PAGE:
I noticed over the weekend that the highly-regarded Pew Research Center had released the results of public opinion surveys undertaken in a range of advanced countries on various questions around Covid and Covid policy, and that New Zealand was included among the countries surveyed. Some of the results were totally unsurprising, some interesting even if unsurprising, and for a couple of questions I wasn’t quite sure what to make of the questions or answers.
This was the first set of results reported
New Zealand (closely followed by Taiwan) was the country in which the largest share of respondents reckoned that over the full course of the coronavirus outbreak the level of restrictions on public activity were “about right”. Of the remainder of the New Zealand respondents, opinion was fairly evenly split between those who say they’d have favoured fewer restrictions and those who claimed they’d have favoured more. That split was pretty even in Australia too. But I found a few things interesting: first that for all that one’s eye is first taken to the US results – the 26 per cent favouring fewer restrictions – and one thinks of the political polarisation in the US, actually the percentage favouring fewer restrictions was very similar not just in much of continental Europe but in Singapore. I don’t know anything about Greece, but Greek respondents are the only ones where a net balance favoured fewer restrictions over the course of the outbreak.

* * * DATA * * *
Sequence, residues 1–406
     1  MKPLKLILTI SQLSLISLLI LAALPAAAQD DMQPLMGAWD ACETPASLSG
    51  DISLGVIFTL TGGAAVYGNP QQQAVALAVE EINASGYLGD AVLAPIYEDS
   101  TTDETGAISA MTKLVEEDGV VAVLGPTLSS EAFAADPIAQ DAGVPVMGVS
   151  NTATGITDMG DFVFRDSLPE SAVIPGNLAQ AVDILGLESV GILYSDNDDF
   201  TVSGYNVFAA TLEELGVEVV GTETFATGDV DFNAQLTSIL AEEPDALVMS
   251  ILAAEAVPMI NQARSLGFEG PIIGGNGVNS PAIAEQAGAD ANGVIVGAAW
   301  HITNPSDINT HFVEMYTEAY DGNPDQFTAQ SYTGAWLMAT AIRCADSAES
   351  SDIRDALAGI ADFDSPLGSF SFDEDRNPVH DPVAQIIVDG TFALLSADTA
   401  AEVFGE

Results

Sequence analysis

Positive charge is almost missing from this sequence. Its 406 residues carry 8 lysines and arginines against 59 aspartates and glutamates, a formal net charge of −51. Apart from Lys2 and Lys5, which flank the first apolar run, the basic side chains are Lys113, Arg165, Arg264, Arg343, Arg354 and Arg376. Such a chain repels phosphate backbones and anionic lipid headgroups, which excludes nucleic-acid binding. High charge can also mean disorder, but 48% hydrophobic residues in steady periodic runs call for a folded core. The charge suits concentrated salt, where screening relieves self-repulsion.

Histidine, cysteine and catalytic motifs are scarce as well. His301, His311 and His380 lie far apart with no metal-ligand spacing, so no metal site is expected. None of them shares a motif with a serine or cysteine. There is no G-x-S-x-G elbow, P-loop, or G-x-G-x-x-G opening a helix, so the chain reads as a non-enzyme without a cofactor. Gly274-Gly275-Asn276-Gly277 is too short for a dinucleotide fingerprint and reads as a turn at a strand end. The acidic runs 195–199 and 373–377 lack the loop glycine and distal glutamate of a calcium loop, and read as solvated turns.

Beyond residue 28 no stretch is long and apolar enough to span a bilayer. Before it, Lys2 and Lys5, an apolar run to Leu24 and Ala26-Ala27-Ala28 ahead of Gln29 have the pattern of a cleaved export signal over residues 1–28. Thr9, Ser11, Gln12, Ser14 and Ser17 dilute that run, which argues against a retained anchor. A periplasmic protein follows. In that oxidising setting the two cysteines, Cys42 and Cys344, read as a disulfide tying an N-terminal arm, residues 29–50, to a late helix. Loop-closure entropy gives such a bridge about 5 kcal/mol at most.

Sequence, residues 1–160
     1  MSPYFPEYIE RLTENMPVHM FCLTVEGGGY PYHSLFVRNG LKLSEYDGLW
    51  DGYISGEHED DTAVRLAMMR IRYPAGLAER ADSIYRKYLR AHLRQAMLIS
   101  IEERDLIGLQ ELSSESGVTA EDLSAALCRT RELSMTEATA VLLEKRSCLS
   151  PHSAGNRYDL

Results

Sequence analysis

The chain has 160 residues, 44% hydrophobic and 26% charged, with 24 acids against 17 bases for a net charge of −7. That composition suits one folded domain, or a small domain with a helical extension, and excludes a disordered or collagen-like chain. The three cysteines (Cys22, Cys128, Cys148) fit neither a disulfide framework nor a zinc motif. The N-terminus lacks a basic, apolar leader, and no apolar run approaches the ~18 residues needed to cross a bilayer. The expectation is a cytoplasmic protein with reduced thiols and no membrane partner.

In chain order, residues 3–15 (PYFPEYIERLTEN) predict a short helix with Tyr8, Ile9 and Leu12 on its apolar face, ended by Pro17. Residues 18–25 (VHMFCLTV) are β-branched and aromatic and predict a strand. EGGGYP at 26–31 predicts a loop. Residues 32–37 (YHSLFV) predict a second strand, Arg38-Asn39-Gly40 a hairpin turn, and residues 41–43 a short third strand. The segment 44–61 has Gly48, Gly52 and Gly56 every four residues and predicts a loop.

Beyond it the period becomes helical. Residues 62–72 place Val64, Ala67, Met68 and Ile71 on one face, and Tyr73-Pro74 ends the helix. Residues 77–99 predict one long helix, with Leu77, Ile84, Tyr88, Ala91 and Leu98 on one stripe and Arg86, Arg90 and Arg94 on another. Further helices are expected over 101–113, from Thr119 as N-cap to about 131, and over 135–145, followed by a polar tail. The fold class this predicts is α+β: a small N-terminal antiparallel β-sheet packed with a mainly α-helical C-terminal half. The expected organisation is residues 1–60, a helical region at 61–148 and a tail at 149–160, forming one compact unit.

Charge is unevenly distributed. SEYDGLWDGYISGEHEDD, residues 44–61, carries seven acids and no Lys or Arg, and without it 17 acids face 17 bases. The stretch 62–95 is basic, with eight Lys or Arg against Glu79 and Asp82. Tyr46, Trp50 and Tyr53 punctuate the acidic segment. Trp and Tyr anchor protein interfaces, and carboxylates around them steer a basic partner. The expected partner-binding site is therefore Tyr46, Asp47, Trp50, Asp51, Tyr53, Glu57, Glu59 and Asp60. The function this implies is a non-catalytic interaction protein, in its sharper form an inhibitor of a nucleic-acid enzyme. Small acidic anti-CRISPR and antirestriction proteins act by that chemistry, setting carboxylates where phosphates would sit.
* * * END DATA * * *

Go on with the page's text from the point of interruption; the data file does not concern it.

New Zealand wasn’t in previous surveys, but Pew also reports results for 10 countries where respondents rate their own country’s handling of Covid. The public has become less satisfied, but only in Japan, Spain and (by a narrow margin) France do more people now rate the handling “bad” than “good”. For what it is worth, in the current survey New Zealand respondents give a higher “good” rating to the New Zealand government’s handling than those in other countries, except Singapore.
The next question was about national unity/division